Russia “assured” Afghanistan’s Ambassador to Moscow that the country is currently not considering recognizing the Taliban regime, he told The Moscow Times as the Kremlin prepares to host talks on the country this week.
“The Russian Foreign Ministry has assured us that recognition of the Taliban regime is not even on the table, and until such recognition takes place, Russia will work with our embassy,” Ambassador Said Jawad, who was appointed by the former U.S.-backed regime in Kabul and is still officially in post, told The Moscow Times.
The United States, China and Pakistan as well as the Taliban will travel to Moscow to join talks on the Taliban’s future Tuesday and Wednesday.
The Taliban has repeatedly urged Russia to recognize its rule and has hinted it could change its diplomatic staff once the Islamist group has control over the Embassy.
“It is now important that the Afghan Embassy in Moscow and the Russian Embassy in Kabul resume work as usual. After that, we will consider the issue of changing the diplomatic staff. Employees who do not perform their duties properly may be recalled,” Taliban spokesman Zabihullah Mujahidtold told the Russian state-run TASS news agency last week.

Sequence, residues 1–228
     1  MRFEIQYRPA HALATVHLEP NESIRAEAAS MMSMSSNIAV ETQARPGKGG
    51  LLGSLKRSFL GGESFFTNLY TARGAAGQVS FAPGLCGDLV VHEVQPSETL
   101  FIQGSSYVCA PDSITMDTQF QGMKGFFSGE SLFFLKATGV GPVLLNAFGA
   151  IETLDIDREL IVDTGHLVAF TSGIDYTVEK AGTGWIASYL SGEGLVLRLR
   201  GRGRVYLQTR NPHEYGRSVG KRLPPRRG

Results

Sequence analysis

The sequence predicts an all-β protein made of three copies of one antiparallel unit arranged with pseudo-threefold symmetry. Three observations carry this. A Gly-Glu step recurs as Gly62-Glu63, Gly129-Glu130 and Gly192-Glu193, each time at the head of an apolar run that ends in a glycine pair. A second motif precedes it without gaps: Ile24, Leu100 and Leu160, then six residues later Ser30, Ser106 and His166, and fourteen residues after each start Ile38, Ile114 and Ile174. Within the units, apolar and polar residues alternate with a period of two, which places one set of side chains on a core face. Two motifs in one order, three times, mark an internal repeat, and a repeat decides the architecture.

As no nation has so far recognized the Taliban regime and Afghan diplomats across the world have found themselves stuck in limbo, the country’s embassies across the world have become points of resistance against the militant group.
Afghanistan’s Embassy in Moscow continues to fly the country’s old flag and its official website refers to the Taliban as a terrorist organization.
Jawad, who presents himself as a liberal pro-Western politician, is also one of the Taliban’s most vocal critics, describing the group as “savage killers” in the past.
Prior to the fall of the country to the Taliban, Jawad was one of Afghanistan’s most senior diplomats, having previously served as Kabul’s Ambassador to the U.K. and the United States.
While initially appearing to welcome the Taliban’s takeover of the country, describing the new leaders as “normal guys,” Russia has since cooled its rhetoric towards the Islamist group.
Russian President Vladimir Putin has voiced concerns about potential instability the Taliban’s rule could bring to the wider region and the possibility of Islamist militants infiltrating the former Soviet republics of Central Asia, which Moscow views as its strategic allies.
Moscow has also held military exercises in Tajikistan and bolstered hardware at its military base there since the Taliban takeover.
The Taliban is a terrorist organization banned in Russia.